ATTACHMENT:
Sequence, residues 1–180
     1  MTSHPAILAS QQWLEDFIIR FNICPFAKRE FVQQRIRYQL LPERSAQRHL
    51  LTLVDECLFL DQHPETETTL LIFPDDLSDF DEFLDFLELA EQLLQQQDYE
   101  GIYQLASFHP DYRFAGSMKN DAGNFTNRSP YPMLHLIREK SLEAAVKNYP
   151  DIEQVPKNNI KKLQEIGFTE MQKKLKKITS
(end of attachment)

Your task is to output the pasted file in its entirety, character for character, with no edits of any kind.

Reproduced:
Sequence, residues 1–180
     1  MTSHPAILAS QQWLEDFIIR FNICPFAKRE FVQQRIRYQL LPERSAQRHL
    51  LTLVDECLFL DQHPETETTL LIFPDDLSDF DEFLDFLELA EQLLQQQDYE
   101  GIYQLASFHP DYRFAGSMKN DAGNFTNRSP YPMLHLIREK SLEAAVKNYP
   151  DIEQVPKNNI KKLQEIGFTE MQKKLKKITS